It’s hard to ignore the impacts the drought is having on farmers and ranchers across the country. Corn is being cut for silage, cows are already being fed winter forage supplies, pastures have dried up, and forest and grass fires are quickly devouring acres of land. And there’s little relief in sight. As a result, producers have to make adjustments to their usual management plans.
‘When cattle are sold out of desperation, the producer loses. If you have not begun to make contingency plans, start now,” advises Phil Osborne, animal husbandry specialist, and Wayne R. Wagner, livestock specialist, both with the West Virginia Extension Service.
“You certainly want to avoid feeding hay before the winter season begins, especially if you know your hay crop is going to be below normal. Even with early conservation, most producers will need additional feed for cattle. Is it possible to make it? The answer is yes, if you plan and make the necessary adjustments. Several small things can be done that collectively can conserve your feed resources.”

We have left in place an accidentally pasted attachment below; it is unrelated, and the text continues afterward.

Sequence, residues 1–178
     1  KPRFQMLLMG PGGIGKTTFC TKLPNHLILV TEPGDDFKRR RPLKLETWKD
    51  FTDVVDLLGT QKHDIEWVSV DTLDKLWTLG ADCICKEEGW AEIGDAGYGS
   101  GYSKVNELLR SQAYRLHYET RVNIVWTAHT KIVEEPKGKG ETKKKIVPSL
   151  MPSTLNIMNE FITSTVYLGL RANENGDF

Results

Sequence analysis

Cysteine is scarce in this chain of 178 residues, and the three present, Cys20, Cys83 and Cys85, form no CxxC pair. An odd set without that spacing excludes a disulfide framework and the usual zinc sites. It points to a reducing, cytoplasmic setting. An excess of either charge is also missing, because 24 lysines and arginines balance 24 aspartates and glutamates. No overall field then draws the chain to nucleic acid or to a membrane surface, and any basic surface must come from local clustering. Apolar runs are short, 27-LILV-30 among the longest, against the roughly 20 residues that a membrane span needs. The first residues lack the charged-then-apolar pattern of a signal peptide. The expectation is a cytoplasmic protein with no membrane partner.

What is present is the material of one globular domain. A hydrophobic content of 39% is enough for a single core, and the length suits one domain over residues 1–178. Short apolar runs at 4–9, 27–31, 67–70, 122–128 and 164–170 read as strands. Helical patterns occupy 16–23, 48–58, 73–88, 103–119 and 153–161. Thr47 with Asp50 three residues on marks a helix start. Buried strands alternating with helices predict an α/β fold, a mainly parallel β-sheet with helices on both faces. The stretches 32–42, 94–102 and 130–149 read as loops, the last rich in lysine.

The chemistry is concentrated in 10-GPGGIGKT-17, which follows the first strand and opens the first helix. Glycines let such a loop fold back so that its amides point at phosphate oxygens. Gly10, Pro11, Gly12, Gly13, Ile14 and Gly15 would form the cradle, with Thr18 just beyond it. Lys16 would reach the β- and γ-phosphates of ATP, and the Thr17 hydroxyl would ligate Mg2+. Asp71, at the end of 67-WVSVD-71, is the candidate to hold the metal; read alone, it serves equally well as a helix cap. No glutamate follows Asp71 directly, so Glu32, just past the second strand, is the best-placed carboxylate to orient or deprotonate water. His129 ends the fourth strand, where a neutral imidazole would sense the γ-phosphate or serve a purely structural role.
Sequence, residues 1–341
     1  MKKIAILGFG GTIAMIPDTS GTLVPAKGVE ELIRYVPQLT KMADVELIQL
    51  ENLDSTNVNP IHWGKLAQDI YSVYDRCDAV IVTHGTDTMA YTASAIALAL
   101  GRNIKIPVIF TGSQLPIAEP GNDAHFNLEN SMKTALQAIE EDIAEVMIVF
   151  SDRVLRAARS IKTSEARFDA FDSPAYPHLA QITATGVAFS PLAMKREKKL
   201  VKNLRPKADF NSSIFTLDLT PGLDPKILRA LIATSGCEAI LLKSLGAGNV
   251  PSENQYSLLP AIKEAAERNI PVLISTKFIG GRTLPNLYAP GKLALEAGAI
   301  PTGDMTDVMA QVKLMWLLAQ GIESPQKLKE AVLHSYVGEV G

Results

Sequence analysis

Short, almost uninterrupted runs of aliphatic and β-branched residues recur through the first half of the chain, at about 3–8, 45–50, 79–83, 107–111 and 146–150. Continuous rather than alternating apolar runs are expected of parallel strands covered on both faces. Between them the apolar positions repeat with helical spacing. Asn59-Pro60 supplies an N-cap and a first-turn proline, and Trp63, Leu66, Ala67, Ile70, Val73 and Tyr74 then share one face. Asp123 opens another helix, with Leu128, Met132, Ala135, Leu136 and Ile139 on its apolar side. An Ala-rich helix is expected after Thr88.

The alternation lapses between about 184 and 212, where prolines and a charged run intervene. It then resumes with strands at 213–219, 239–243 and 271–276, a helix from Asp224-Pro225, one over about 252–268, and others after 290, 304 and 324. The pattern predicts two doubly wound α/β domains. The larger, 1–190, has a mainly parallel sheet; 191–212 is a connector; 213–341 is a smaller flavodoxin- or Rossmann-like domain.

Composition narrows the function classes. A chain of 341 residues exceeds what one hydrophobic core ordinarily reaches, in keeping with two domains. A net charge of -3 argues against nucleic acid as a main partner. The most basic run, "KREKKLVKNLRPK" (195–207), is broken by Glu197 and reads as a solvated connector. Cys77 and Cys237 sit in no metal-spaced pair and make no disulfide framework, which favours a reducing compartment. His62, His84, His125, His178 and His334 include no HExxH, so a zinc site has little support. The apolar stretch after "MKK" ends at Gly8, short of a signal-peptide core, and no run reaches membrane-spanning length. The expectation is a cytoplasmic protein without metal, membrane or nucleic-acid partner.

Wagner and Osborne list several ideas to consider, including:
- Consider early-weaning calves.
- Value the hay crop you do have and plan to get the most you can out of it.
- Consider sending replacement heifers to a feedlot for development, so you can divert their feed/hay use to the cowherd.
- Consider culling poor producers.
- Consider feeding alternative feeds.
- If the opportunity exists, move cows to feed vs. shipping feed to cows.
To read more about these suggestions, click here.
This week’s poll asks, “How are you coping with the drought?”
With 77 votes in so far, 66% of you are culling cows; 51% are weaning calves early; 36% are buying feed; and 23% are moving cows to feed.
Vote in our poll here.
What are your plans? How are you managing your cowherd during this drought?